As company founders have amassed historic amounts of funding, they have also attained greater control and autonomy. That has allowed entrepreneurs to pursue aggressive tactics and foster troubling cultures for longer than ever before in the tech industry, observers say.
Silicon Valley knew well the aggressive corporate culture that was key to Uber’s global dominance — and all about that culture’s downsides.
Tech workers had seen it in lawsuits filed against the ride-hailing service, candidates turning down jobs at the San Francisco company and those fleeing the firm amid a drumbeat of scandals and critical news articles. So the 47 structural and policy recommendations handed down by attorneys to the ride-hailing company last week weren’t revelatory.
But for venture capitalists, the stark assessment underscores a growing concern: As company founders have amassed historic amounts of funding in the last five years, they have also attained greater control and autonomy. That has allowed entrepreneurs including Uber co-founder and Chief Executive Travis Kalanick to pursue aggressive tactics and foster cultures that trouble workers and investors — with limited checks on their power — for longer than ever before in the tech industry, observers say.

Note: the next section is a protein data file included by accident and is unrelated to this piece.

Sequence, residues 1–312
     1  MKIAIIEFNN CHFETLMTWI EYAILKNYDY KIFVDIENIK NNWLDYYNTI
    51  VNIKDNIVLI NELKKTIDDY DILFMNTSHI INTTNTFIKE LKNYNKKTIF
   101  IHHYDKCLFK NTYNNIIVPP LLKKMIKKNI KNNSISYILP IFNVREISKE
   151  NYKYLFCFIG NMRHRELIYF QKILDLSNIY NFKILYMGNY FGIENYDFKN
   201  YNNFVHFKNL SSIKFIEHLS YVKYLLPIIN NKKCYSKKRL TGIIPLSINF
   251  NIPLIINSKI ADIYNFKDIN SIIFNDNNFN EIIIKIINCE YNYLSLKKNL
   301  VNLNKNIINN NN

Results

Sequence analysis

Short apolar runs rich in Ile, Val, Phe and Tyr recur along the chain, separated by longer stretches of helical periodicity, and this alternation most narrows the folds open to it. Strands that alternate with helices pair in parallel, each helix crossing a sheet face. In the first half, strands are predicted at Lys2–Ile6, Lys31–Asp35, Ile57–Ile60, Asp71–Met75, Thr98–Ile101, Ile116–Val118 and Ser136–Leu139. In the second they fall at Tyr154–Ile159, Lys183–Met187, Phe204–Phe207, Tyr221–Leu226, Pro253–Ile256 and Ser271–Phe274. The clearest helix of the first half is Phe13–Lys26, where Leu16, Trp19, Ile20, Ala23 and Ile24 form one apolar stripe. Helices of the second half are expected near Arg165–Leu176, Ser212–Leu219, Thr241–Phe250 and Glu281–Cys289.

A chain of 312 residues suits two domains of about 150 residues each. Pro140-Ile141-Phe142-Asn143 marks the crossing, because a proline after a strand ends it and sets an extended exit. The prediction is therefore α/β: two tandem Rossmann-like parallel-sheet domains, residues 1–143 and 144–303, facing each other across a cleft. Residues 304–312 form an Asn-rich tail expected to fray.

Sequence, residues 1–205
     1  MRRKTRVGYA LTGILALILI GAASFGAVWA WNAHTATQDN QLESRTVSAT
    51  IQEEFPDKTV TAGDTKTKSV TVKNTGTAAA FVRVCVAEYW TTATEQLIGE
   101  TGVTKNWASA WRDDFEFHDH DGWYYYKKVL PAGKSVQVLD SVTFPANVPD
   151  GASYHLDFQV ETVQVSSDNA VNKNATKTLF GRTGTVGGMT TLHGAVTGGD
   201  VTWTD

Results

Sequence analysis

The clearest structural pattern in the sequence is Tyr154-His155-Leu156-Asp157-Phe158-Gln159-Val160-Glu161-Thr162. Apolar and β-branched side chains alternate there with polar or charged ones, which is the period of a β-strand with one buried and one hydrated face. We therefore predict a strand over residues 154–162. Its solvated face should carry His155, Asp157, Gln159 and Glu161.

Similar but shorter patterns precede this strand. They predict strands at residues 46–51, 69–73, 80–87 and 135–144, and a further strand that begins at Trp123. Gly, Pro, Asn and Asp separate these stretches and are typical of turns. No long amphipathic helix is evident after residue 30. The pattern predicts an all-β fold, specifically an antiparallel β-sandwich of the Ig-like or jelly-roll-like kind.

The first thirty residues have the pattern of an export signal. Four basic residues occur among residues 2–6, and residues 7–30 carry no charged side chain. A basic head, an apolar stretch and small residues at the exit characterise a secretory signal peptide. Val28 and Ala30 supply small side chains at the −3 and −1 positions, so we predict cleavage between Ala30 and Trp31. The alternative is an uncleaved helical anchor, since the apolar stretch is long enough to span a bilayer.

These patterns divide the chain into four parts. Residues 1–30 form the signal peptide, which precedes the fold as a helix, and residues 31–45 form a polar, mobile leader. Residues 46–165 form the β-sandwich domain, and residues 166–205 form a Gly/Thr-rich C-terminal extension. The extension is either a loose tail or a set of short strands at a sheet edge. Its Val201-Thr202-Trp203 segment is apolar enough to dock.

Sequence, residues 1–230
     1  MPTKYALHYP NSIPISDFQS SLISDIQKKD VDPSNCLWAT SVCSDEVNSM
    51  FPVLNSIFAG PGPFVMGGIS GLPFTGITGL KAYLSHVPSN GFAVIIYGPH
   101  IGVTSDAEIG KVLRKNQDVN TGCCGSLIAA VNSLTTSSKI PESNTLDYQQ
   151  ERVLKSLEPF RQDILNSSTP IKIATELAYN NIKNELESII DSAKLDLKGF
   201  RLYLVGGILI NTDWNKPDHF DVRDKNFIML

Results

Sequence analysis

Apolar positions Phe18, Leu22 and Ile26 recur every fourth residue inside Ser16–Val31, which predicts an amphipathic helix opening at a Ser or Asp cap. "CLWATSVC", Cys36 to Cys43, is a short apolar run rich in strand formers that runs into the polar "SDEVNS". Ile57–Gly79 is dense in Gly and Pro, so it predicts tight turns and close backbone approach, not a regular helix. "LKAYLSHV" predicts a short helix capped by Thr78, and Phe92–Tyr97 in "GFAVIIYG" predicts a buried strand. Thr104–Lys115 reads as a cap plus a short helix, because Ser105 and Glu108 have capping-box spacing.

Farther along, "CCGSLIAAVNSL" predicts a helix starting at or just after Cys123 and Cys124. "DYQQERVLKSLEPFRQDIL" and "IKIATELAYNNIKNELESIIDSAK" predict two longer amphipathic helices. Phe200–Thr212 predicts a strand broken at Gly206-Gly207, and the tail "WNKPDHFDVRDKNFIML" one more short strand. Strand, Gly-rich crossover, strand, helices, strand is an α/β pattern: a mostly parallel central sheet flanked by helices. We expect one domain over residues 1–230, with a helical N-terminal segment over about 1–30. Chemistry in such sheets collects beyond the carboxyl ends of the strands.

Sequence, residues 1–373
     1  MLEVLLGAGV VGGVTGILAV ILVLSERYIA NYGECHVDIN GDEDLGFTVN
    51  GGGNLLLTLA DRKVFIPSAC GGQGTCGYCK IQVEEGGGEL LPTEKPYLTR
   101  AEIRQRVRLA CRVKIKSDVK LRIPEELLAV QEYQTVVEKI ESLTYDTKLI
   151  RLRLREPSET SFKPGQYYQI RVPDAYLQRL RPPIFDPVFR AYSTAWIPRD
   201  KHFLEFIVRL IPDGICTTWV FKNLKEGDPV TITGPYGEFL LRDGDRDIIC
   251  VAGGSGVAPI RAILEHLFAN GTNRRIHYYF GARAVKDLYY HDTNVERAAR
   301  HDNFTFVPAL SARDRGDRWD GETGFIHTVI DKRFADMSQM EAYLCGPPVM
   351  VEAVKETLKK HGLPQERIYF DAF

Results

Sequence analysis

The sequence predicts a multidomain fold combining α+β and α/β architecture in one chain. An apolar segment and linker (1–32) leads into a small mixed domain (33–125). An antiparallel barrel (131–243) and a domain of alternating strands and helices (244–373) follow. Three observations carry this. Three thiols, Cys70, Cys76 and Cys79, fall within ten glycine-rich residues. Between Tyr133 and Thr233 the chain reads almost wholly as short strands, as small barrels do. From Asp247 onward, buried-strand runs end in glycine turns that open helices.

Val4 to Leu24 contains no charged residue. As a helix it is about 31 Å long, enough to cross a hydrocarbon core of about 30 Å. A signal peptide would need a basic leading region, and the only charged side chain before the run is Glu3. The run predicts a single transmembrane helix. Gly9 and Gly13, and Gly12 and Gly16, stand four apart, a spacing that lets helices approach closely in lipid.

“Are we as investors giving up too much of the store to entrepreneurs?” said Jonathan Tower, who recently founded investment firm Catapult VC after working at TriplePoint Capital. “Maybe during this boom period, we’ve become too founder-friendly.”
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Had Uber been created in a different era of the tech industry, the 8-year-old firm probably would have been publicly traded by now — or at least nearing the day of an initial public offering. And many of the changes that former U.S. Attorney General Eric Holder and Tammy Albarran put forward would have long been in place. Those would include substantial…